It was a knee-buckling moment for Kerry Kenwood when she learned she had cervical cancer. It’s the kind of moment that can rend a life into “before” and “after.”
The wildlife researcher and mother of two young girls knew in that instant she was in for the fight of a lifetime.
In 2014, following a Pap test in which irregular cells were detected in Kerry’s cervix, she received a call from Dr. Dianne Miller, division head of Gynecologic Oncology and co-founder of the BC Cancer Agency’s Ovarian Cancer Research Program.
“Dr. Miller herself phoned me and told me I had cervical cancer. There was this sense of urgency to get me in. It all felt surreal.”
In the next few days, Kerry had to make one of the most difficult decisions of her life: whether to undergo radiation therapy or have surgery to remove the cancer, which would mean removing her cervix and uterus.
Less than a month after her diagnosis, after many tests and procedures, Kerry had the surgery, choosing also to have her ovaries removed as an extra precaution.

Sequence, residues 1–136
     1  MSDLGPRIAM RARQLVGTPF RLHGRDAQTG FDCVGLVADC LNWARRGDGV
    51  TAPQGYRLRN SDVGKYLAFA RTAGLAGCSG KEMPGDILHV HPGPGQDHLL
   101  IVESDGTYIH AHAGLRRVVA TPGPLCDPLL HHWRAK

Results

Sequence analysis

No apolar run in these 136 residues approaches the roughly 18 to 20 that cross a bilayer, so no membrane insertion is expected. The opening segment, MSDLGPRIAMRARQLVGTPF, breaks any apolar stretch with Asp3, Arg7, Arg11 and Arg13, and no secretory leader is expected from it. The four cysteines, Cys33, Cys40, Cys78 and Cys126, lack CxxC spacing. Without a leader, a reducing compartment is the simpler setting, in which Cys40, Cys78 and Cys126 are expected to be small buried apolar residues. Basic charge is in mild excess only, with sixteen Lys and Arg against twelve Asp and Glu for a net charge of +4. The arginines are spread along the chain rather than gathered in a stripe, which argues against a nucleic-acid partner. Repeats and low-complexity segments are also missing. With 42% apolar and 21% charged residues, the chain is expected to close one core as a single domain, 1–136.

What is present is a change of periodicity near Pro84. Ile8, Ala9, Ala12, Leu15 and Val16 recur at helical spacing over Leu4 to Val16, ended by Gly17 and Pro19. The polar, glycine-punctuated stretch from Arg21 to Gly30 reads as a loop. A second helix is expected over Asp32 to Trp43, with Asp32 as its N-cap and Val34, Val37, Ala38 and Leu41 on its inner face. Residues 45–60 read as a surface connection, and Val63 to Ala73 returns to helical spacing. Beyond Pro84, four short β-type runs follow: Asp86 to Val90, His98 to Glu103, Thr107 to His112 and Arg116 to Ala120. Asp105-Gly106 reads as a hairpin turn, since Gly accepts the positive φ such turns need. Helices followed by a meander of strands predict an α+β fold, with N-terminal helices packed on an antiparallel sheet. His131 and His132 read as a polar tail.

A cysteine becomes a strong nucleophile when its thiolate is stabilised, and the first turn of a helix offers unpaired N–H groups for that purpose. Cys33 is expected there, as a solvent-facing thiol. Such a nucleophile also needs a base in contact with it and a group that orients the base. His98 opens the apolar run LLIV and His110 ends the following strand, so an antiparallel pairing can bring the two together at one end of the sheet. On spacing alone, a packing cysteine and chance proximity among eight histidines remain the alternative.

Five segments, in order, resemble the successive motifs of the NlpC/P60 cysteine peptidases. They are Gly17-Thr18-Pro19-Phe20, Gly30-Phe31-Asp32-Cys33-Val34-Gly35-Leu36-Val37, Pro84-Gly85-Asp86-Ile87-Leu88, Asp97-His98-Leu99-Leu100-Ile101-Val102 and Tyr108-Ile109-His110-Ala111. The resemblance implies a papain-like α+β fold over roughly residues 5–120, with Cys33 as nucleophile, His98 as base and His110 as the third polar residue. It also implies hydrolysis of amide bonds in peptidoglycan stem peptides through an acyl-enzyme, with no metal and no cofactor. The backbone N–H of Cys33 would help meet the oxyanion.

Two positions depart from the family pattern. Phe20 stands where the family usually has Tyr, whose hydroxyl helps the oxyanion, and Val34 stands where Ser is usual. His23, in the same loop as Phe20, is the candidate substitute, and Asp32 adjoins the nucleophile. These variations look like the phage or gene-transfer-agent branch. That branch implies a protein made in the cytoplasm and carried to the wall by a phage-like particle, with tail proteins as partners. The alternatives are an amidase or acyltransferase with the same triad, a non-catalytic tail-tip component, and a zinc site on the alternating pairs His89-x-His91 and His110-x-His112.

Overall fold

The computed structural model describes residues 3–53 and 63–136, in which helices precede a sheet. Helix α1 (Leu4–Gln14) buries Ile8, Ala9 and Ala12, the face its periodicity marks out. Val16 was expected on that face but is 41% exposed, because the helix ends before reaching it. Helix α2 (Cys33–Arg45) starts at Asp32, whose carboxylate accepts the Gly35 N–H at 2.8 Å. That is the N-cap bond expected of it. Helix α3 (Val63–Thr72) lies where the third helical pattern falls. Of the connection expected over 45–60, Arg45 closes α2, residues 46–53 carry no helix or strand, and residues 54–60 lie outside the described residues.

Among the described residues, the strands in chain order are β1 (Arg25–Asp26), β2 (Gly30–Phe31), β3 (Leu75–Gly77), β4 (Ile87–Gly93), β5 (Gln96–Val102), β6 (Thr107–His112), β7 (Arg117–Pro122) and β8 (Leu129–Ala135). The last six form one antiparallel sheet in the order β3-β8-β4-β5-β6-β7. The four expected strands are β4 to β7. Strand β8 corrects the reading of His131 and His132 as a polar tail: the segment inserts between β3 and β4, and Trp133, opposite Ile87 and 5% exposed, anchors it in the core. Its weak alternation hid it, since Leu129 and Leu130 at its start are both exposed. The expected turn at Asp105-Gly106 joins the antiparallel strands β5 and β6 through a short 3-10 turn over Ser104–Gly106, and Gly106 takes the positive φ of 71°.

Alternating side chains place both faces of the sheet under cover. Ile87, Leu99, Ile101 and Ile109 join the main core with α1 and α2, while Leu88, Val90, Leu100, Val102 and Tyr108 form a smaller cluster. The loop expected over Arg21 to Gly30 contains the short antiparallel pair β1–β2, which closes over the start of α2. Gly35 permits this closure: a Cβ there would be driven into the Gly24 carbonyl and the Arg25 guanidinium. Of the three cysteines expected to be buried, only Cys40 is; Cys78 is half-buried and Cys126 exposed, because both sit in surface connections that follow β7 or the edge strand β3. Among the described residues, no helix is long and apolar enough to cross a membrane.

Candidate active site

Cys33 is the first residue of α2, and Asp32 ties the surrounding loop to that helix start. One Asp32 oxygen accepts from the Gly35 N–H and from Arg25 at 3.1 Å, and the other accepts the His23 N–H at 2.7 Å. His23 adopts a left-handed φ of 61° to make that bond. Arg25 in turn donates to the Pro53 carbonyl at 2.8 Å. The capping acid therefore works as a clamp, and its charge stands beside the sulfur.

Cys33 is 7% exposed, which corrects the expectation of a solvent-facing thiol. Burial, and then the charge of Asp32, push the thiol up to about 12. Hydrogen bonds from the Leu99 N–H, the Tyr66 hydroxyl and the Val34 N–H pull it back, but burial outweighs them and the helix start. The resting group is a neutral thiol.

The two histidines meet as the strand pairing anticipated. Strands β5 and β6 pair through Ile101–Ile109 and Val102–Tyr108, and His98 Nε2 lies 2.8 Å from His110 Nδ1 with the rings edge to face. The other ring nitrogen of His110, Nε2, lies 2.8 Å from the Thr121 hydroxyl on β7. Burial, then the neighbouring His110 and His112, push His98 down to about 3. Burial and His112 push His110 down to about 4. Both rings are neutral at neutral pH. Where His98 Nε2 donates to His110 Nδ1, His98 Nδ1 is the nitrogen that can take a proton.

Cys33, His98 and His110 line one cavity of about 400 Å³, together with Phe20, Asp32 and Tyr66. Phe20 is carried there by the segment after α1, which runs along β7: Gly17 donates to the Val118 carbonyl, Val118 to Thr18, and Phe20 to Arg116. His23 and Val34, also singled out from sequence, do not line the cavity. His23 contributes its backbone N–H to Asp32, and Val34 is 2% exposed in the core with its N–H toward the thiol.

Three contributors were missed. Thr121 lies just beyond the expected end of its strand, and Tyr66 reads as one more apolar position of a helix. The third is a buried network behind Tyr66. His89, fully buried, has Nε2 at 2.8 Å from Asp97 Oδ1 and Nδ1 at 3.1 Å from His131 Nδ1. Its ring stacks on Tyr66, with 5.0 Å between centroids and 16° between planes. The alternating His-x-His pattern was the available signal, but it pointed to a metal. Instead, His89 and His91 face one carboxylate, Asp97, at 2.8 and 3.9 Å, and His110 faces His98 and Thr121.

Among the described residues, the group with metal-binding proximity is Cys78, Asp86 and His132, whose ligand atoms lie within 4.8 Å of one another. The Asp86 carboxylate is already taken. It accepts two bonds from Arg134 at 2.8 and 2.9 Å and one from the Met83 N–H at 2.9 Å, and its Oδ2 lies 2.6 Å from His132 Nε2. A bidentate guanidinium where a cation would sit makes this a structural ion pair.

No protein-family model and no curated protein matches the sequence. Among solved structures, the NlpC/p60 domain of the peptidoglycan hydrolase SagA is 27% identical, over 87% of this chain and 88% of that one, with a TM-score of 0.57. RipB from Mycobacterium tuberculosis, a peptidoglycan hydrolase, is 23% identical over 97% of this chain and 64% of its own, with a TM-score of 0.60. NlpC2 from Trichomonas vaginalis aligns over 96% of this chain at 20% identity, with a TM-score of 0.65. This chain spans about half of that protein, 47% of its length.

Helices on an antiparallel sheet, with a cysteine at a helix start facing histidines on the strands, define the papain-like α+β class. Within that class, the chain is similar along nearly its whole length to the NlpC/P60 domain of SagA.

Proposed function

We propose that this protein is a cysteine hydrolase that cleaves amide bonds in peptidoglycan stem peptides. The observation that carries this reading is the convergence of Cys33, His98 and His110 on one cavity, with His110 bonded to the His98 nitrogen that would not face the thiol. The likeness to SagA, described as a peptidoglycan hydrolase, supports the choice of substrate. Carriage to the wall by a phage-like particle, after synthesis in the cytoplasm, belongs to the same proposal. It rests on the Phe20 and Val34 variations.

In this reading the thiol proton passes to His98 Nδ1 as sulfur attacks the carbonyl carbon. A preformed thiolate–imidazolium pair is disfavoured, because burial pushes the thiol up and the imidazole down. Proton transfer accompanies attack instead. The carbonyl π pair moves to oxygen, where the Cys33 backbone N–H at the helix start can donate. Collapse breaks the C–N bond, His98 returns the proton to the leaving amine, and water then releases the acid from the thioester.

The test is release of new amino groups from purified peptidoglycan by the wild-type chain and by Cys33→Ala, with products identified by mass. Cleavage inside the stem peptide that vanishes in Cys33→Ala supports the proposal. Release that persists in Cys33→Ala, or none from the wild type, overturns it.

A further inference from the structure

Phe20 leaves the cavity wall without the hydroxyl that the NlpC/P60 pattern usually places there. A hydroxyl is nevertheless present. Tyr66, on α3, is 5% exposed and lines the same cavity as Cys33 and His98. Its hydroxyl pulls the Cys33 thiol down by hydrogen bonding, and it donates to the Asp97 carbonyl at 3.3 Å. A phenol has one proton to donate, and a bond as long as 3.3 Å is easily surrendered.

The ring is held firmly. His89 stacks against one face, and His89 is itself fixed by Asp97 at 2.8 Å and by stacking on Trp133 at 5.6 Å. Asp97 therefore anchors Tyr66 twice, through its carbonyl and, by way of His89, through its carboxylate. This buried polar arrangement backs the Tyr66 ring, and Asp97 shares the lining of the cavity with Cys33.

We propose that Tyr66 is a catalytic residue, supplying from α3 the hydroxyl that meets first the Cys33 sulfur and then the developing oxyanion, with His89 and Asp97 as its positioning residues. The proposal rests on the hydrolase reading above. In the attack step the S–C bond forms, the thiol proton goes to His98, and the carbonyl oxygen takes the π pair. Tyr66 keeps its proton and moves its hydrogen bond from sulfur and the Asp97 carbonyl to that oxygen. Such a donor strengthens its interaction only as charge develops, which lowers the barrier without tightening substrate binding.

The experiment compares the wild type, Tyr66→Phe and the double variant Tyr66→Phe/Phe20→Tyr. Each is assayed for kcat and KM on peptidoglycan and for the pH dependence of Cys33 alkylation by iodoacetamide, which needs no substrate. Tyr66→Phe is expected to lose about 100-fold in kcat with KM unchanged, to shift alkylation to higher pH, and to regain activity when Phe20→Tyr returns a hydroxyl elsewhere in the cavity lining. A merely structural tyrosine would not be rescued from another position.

Two years later, Kerry is cancer-free and carrying on with life. She knows how lucky she is because out of 1,300 new cases diagnosed every year in Canada, 390 women won’t survive. It’s a tragedy that is entirely preventable.
Cervical cancer has definitively been linked to the Human Papilloma Virus (HPV). Armed with a vaccine, we have the ability to eliminate HPV from the general population. This vaccine is available to women and girls born 1994 or later, at no cost.
PAP screening saved Kerry’s life – the HPV vaccine will ensure that her daughters never have to go through what she did.
“If only this vaccine had been available when I was younger,” says Kerry. “I’m totally in favour of it for my daughters.”
Early detection. Improved vaccination protocols . Research. BC Women’s leading physicians and scientists hope to eradicate cervical cancer in our lifetime.
It will be the first cancer in history to be eliminated by a vaccine.